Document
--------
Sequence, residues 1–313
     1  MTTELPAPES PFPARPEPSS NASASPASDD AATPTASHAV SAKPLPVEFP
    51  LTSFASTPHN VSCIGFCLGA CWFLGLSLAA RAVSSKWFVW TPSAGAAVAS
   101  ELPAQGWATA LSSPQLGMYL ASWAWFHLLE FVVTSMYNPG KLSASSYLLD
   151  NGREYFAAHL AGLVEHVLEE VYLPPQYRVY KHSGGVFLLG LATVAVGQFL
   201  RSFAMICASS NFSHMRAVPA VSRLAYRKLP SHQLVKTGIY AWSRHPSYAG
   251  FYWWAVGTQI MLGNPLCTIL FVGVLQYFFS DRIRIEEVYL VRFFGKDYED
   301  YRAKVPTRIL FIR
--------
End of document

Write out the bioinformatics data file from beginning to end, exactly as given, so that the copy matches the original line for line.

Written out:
Sequence, residues 1–313
     1  MTTELPAPES PFPARPEPSS NASASPASDD AATPTASHAV SAKPLPVEFP
    51  LTSFASTPHN VSCIGFCLGA CWFLGLSLAA RAVSSKWFVW TPSAGAAVAS
   101  ELPAQGWATA LSSPQLGMYL ASWAWFHLLE FVVTSMYNPG KLSASSYLLD
   151  NGREYFAAHL AGLVEHVLEE VYLPPQYRVY KHSGGVFLLG LATVAVGQFL
   201  RSFAMICASS NFSHMRAVPA VSRLAYRKLP SHQLVKTGIY AWSRHPSYAG
   251  FYWWAVGTQI MLGNPLCTIL FVGVLQYFFS DRIRIEEVYL VRFFGKDYED
   301  YRAKVPTRIL FIR